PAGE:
Just as with Order No. 1000’s planning mandates, the court again emphasized Order No. 1000’s public policy mandate required the establishment of processes:

But petitioners’ attack is once again based on a misunderstanding of the orders.  The orders merely require regions to establish processes for identifying and evaluating public policies that might affect transmission needs.  The regions are free to choose their own manner of determining how best to identify and accommodate these policies.[97]

Finally, in affirming Order No. 1000’s requirements pertaining to cost allocation, the court again applied Chevron deference to its interpretation of section 206.[98]  The court noted that Order No. 1000 used a “light touch” in its cost allocation reforms:

In keeping with the overall approach of the transmission planning reforms, [Order No. 1000] uses a light touch:  it does not dictate how costs are to be allocated.  Rather, [Order No. 1000] provides for general cost allocation principles and leaves the details to transmission providers to determine in the planning processes.[99]

While Order No. 1000 used a “light touch,” this pretextual final rule is heavy handed.  To ensure that policy and corporate-driven projects are ultimately built so that the preferred generation is built, the final rule seeks to promote particular public policies and to dictate substantive outcomes through its reforms to the Commission’s transmission planning and cost allocation processes.[100]  If Order No. 1000 was upheld precisely because it was only mandating processes, not outcomes, then this final rule cannot stand on South Carolina because it nakedly intends to produce very specific outcomes. 

How does it intend to do this?  First, in contrast to Order No. 1000, which mandated consideration of public policies in transmission planning but not a particular policy,[101] the final rule requires transmission providers in their Long-Term Regional Transmission Planning to incorporate seven categories of factors—i.e., specific policies, as I have emphasized.  Most of these mandatory categories of factors, which drive long-term transmission planning, specifically relate to the development and purchase of “green energy,” including, inter alia:  (i) state and local laws affecting the resource mix, (ii) state and local laws on decarbonization, (iii) generator interconnection requests and withdrawals,[102] and (iv) corporate, state and local government commitments to purchase “green energy.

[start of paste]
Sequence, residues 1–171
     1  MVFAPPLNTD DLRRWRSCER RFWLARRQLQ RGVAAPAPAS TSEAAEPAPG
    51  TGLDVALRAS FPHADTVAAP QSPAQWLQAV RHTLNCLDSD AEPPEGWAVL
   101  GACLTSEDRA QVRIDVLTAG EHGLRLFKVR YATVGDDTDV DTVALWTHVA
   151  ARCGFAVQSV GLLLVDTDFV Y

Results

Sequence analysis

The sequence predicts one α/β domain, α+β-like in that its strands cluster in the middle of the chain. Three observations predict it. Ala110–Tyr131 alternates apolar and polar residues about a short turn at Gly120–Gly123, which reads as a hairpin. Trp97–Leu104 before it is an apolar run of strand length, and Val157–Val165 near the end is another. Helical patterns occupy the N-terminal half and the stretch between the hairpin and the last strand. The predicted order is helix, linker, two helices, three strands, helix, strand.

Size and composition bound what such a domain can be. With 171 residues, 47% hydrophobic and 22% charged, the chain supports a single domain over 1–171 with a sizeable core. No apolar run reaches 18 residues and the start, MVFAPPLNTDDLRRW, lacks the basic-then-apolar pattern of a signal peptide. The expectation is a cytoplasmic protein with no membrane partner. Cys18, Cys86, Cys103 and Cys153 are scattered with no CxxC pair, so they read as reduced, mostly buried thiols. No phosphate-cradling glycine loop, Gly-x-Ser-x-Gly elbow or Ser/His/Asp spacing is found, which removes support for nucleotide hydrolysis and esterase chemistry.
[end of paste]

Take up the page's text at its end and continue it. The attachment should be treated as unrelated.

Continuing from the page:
The final rule describes the relationship between the categories of factors, transmission needs, and benefits, among other terms:

For purposes of this final rule, Long-Term Regional Transmission Planning means regional transmission planning on a sufficiently long-term, forward-looking, and comprehensive basis to identify Long-Term Transmission Needs, identify transmission facilities that meet such needs, measure the benefits of those transmission facilities, and evaluate those transmission facilities for potential selection in the regional transmission plan for purposes of cost allocation as the more efficient or cost-effective regional transmission facilities to meet Long-Term Transmission Needs. 

For purposes of this final rule, Long-Term Transmission Needs are transmission needs identified through Long-Term Regional Transmission Planning, which, as discussed in this final rule, includes running scenarios and considering the enumerated categories of factors.[103]

Thus, categories of factors clearly shape the identification of transmission needs.  Demonstrating this causal relationship, the final rule explains that “best available data inputs are data inputs that . . . reflect the list of factors that transmission providers account for in their Long-Term Scenarios,”[104] and, in turn, “Long-Term Scenarios . . . incorporate various assumptions using best available data inputs about the future electric power system . . . to identify Long-Term Transmission Needs and enable the identification and evaluation of transmission facilities to meet such transmission needs.”[105]